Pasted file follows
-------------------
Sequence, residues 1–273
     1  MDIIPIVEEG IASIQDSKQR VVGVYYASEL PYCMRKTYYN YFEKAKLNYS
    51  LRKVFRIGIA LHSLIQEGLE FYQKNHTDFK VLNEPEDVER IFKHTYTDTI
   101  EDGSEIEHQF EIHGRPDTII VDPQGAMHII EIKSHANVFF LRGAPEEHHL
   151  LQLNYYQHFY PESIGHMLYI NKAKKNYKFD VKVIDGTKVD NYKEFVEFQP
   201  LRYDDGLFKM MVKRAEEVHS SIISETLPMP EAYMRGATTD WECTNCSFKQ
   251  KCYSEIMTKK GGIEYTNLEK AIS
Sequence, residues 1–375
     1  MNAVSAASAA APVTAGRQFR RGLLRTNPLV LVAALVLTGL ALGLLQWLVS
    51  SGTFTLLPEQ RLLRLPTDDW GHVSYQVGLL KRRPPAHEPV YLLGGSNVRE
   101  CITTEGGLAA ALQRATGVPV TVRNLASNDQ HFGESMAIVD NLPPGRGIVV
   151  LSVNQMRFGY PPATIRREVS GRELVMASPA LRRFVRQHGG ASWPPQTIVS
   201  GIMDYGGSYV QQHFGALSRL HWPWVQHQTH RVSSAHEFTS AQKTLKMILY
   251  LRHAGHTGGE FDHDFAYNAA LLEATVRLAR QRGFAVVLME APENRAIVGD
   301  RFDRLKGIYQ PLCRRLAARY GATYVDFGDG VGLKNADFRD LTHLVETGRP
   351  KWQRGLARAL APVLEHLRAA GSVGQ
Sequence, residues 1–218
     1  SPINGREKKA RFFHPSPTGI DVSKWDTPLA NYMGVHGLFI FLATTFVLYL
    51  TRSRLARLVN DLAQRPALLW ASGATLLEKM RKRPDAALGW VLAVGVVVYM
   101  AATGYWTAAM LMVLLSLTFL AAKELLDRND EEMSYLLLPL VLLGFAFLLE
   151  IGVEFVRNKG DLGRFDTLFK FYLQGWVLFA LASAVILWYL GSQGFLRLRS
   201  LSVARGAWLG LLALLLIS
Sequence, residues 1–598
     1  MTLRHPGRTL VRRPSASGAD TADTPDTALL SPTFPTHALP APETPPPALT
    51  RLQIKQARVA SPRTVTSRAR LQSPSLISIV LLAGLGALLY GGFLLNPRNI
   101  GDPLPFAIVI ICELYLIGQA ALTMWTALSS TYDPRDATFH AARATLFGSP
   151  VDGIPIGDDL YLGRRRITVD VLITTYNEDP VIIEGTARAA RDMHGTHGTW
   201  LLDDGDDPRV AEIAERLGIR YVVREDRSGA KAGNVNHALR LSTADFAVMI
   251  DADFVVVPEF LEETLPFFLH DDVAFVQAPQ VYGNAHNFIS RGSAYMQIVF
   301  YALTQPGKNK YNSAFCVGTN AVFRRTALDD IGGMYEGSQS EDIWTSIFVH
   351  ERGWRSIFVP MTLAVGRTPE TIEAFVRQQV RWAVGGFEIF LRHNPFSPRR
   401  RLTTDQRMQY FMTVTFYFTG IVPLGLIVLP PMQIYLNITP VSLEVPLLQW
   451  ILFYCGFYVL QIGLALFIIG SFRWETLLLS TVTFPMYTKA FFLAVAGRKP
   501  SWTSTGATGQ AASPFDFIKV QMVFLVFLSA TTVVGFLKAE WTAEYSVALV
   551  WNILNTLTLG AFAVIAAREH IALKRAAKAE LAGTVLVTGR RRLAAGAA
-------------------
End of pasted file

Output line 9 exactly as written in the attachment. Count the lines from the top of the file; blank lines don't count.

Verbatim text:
     1  MNAVSAASAA APVTAGRQFR RGLLRTNPLV LVAALVLTGL ALGLLQWLVS